In a sudden burst of energy, I was transported to a place of blinding white light. It surrounded me and stretched on endlessly. I felt only pure peace and joy. I’d never experienced such bliss before. I was in heaven but, as that divine voice had said, only there for a visit. I knew what I needed to do.
I called out into the light—not with my voice but with my soul, “I want to thank my organ donor.”
A presence materialized behind my left shoulder. I turned and saw two figures approaching. I could see only the outlines of their forms, shimmering and iridescent. I recognized one as Jesus, and the other alongside him as my anonymous donor.
“Thank you,” I communicated. With every bit of my essence, I exuded pure gratitude. “Thank you.”
I sensed that the donor accepted my gratitude with humility. Then Jesus put his hand on my shoulder.
“These are your lungs now,” he said.
“Yes,” I agreed.
With that, I fell backward, the space of light turning into a speck before disappearing entirely. I was back in my body on the operating table at the hospital for a moment, then everything went black.
I’d later learn that I was in a coma for 10 days. During the transplant, the first lung went in fine. After the second lung was put it, the surgeon released a clamp too early. I’d bled out and needed to be resuscitated. Only through the staff’s best efforts had I been brought back. I was hooked up to a machine that breathed for me until I regained consciousness. Despite everything that had happened, the transplant was successful. I had my new lungs.
Today I continue working in ministry, while advocating for funding studies about IPF. I can even sing again. And I do it all using the lungs God gave me.
Many people describe near death experiences – this is the first one I’ve read that had a husband and wife who died together, but one of them came back. Can you imagine what that must be like?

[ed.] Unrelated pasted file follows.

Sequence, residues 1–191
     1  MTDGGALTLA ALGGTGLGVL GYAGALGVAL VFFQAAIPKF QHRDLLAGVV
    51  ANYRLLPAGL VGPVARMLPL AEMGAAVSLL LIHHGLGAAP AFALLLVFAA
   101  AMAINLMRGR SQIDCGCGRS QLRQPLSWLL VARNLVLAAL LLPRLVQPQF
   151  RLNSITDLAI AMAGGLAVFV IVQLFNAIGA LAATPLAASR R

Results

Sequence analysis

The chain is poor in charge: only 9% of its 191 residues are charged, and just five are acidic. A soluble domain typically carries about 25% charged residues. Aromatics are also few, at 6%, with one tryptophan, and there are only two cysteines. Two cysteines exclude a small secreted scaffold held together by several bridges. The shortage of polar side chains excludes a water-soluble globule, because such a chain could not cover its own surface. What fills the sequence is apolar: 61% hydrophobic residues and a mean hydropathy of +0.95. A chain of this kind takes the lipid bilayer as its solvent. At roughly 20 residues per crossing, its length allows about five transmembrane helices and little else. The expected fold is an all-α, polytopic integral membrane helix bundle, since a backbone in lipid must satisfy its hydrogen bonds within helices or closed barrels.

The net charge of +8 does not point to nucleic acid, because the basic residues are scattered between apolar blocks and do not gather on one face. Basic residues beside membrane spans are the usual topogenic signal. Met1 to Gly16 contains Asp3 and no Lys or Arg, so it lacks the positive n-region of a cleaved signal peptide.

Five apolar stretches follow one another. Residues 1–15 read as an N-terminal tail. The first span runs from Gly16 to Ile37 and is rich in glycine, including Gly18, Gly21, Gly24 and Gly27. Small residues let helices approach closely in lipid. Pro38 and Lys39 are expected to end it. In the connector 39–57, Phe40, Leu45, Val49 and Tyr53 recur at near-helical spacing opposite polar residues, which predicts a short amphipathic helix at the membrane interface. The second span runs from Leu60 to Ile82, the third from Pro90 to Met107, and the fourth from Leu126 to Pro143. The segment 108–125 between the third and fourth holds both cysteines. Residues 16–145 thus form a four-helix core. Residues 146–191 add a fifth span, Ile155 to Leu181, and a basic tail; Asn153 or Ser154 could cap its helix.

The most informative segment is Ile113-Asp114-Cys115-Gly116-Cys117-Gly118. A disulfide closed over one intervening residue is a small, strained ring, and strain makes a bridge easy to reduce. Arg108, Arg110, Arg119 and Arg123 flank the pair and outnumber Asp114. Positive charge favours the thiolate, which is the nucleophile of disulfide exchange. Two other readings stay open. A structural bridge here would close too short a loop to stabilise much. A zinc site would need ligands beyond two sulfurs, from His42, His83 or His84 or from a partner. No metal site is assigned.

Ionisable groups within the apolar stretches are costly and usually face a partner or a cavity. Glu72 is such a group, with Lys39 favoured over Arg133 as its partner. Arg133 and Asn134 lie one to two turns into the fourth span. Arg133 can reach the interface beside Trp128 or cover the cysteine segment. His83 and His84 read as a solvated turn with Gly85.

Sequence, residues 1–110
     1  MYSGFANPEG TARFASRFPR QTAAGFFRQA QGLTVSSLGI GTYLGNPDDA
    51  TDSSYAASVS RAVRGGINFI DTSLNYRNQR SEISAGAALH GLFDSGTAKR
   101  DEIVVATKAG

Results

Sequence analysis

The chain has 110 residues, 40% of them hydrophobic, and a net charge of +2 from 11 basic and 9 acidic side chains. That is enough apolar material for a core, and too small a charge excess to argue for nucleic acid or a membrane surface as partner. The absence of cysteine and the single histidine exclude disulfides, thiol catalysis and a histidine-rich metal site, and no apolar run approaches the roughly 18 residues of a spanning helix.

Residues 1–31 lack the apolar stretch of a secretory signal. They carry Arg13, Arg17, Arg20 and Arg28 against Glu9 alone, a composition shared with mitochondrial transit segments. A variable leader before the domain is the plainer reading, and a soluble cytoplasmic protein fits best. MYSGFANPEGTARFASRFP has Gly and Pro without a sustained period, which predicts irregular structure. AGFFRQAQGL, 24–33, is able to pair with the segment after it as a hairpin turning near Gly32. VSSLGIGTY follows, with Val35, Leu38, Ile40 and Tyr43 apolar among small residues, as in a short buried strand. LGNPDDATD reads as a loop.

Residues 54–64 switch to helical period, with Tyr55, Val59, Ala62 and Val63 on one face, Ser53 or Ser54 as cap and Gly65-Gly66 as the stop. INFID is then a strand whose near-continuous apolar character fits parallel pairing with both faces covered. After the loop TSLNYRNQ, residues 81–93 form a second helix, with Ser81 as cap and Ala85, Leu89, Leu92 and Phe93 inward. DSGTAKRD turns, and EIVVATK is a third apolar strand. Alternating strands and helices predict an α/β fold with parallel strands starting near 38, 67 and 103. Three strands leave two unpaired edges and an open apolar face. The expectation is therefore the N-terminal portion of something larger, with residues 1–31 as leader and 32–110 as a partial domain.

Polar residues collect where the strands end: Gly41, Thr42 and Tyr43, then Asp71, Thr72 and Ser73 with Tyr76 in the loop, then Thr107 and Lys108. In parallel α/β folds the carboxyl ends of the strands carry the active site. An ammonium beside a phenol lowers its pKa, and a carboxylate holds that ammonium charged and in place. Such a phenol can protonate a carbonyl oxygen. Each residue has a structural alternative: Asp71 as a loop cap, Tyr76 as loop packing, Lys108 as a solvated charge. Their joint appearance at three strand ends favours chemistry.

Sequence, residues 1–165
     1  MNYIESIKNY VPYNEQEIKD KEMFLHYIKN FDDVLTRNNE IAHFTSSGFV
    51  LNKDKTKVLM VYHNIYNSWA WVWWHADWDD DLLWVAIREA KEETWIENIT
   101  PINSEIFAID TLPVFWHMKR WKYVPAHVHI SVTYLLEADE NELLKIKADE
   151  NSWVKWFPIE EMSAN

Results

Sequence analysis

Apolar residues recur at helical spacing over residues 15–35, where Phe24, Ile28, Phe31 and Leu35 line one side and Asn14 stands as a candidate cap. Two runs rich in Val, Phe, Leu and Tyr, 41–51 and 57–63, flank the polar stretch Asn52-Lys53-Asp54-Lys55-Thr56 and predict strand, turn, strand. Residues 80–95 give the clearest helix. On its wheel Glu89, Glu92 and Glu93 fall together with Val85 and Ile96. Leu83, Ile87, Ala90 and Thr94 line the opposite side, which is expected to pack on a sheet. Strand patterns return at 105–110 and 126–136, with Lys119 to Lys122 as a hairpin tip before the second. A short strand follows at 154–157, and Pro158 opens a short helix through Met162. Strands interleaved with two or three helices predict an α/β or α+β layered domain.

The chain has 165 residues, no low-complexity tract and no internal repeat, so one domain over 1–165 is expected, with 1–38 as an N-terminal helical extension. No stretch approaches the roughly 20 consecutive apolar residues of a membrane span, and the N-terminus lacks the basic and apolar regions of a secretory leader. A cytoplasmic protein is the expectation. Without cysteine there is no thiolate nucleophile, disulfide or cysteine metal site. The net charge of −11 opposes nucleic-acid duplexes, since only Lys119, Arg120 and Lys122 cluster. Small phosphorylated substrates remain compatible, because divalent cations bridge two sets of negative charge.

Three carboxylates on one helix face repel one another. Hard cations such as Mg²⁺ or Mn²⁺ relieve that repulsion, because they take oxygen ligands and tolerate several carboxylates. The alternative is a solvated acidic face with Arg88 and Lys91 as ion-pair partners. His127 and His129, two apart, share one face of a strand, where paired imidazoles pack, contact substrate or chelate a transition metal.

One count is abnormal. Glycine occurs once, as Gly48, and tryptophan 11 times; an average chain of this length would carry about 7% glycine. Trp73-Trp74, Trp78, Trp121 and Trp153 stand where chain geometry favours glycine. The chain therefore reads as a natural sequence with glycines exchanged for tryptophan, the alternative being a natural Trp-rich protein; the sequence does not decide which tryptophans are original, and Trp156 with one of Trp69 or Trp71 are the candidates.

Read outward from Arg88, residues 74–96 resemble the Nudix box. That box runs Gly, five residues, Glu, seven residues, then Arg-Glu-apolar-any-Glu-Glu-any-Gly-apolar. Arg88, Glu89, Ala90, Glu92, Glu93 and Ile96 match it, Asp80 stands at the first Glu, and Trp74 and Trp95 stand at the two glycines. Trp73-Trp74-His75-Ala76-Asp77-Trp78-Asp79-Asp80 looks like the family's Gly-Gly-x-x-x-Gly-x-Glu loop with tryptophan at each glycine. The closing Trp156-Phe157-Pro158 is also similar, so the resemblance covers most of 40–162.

Jeff Olsen: The accident happened while we were driving back to our home in Bountiful, Utah, from a visit to relatives in the southern part of the state. My wife, Tamara, was asleep beside me. Our seven-year-old son, Spencer, was in the back seat, playing with his toys. Our toddler, Griffin, slept in his car seat. The road stretched out ahead, and my eyes grew heavy. It felt as if I’d blinked for just a second.
That was all it took.
I lost control. The car rolled, windows exploding, gravel flying, as we spun over and over until I lost consciousness. I woke only for a second after we stopped. I felt horrible pain and heard Spencer crying in the backseat. Everything went black again. I was terrified. Where is my family? Are they safe?
Then, suddenly, I was calm. The pain was gone. I looked around. I was floating above our car accident. Before I could react, I felt a presence near me. It was Tamara. We were encircled in a bubble of light that was emanating complete peace. I knew then she was gone, but it was as if my grief were suspended. All I could feel was serenity. I wondered if we were on our way to heaven.
Tamara looked at me, her face serious. “Jeff, you cannot be here,” she said. “You have to go back.” How could I? She was here. Then I remembered Spencer’s cries. He was still alive. He needed me. I knew I had to make a choice. I pulled Tamara close to me. “Goodbye,” I said. I let go. Then I felt myself drifting away from Tamara and the comforting light.